Bank of Japan holds its nerve and punts on Abe
- Traders had not realised the implications for Shinzo Abe's monetary policy
- Attainment of 2% inflation has been edged out again to "end of fiscal 2017”
- Japan's capacity utilisation is lagging in line with subdued consumer spending
By Max McKegg
The Bank of Japan maintained a steady-as-she-goes course at its monetary policy review meeting last week, with only a slight trimming of the sails to allow for “uncertainties surrounding overseas economies”.
More ETFs will be purchased, but there was no change to the deposit rate nor the government bond buying program.
FX traders had been expecting a bolder move, and expressed their disapproval by pushing USDJPY down to 102 by the close of Friday trading in New York, while bond dealers drove the yield on Japan’s ten year government bond up from –0.28% to –0.18%, a big move.
The post-meeting statement threw the markets a bone with promise of a “comprehensive assessment” of QE effectiveness at the Bank’s next meeting on Sept 20-21.
In retrospect, it seems traders had not realised the implications for monetary policy of Prime Minister Shinzo Abe’s “large-scale stimulus package”, preliminary details of which were announced a week ago.
Bank of Japan Board members did, and built a substantial fiscal boost into their updated economic forecasts, in turn allowing them to hold the line on inflation forecasts for 2017 and 2018. No change to the forecasts meant no change in monetary policy.
Nevertheless, attainment of the 2% inflation goal has been edged out again from “during fiscal 2017” to “toward the end of fiscal 2017”.
This year is a write off. A couple of hours before Friday’s meeting wound up, the June inflation update showed the BOJ’s benchmark, national core CPI, had declined at a year-on-year rate of 0.5%, while core-core CPI (which excludes energy prices) was rising at a measly 0.4%.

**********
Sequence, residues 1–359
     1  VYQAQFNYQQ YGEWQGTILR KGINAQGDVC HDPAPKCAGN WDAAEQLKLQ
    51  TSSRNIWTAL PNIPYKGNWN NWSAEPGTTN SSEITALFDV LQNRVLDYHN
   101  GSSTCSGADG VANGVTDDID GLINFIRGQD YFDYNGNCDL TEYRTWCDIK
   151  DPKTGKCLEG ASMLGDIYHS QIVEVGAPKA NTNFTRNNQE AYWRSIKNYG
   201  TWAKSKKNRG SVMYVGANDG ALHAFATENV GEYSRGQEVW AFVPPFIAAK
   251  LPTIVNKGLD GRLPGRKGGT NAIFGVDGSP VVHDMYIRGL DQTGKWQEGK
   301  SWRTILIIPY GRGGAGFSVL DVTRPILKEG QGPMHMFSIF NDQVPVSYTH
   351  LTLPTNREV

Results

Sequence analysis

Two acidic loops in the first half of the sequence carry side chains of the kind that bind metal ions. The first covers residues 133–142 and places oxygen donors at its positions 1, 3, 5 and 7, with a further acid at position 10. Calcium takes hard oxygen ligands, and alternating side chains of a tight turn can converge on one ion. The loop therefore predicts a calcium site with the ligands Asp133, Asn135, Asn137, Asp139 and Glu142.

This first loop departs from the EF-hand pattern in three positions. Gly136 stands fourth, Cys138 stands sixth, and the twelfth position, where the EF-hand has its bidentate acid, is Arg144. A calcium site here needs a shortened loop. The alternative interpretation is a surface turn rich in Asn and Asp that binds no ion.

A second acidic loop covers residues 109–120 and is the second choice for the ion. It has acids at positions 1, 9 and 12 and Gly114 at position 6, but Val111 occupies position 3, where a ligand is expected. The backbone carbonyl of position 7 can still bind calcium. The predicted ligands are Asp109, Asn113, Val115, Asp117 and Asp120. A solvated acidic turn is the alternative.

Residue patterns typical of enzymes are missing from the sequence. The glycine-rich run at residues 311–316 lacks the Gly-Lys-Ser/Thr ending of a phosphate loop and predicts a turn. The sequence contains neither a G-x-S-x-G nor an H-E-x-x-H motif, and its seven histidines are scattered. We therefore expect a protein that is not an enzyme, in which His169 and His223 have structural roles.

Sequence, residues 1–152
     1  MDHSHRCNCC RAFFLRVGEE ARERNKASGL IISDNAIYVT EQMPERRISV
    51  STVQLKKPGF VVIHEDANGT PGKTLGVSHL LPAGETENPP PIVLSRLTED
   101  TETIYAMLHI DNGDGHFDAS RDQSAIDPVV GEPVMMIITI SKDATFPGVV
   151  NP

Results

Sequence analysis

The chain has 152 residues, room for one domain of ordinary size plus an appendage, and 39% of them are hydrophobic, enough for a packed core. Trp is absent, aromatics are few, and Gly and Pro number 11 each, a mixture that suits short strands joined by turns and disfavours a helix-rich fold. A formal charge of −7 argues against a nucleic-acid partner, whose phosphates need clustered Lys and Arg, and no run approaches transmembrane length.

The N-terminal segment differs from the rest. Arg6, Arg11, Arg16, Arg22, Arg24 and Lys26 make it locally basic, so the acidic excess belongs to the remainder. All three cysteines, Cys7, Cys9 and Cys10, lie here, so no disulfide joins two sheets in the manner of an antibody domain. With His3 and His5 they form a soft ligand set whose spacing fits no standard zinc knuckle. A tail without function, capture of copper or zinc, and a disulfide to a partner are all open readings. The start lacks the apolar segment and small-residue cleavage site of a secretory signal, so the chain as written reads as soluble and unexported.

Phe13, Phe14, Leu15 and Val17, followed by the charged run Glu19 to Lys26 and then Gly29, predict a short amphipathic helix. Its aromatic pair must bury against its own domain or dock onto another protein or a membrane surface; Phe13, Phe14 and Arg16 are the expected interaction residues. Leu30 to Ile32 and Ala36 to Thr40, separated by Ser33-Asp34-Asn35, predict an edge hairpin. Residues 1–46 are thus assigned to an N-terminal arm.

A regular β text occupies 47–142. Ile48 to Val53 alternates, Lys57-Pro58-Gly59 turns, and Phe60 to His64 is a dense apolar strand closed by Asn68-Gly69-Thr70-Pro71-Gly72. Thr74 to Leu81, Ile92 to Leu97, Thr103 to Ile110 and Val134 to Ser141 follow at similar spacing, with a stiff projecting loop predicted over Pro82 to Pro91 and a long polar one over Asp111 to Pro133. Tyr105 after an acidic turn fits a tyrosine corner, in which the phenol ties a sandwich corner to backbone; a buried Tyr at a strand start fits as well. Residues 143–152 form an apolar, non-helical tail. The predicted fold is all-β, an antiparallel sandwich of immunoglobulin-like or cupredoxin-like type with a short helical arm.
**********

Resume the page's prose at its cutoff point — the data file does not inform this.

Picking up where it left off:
The only glimmer of hope was that the flash estimate for July (via Tokyo prices) showed a slight improvement.
According to the BoJ, under par inflation in fiscal 2016 is due to “the recent appreciation of the yen and a decline in inflation expectations suggested by sluggishness in base pay rises”.
So what of this “large scale stimulus package” that the BoJ is hoping will get them off the hook? We’ll get more detail this week, but initial guidance suggests a boost in government spending equivalent to 3-4% of GDP.
The table below shows this would be nothing exceptional: the post-GFC package was 5.5% of GDP. It would seem some surprise to the upside will be required to convince the markets the fiscal stimulus is large enough to offset BoJ timidity.
Source: Bank of America Merrill Lynch
The probability of significant increase in government spending is the main reasons the BoJ made no changes to its inflation forecasts for fiscal 2017 (1.7%) and 2018 (1.9%).
Another is its continued faith in a closing of the output gap – the extent to which labor and capital resources are being put to work.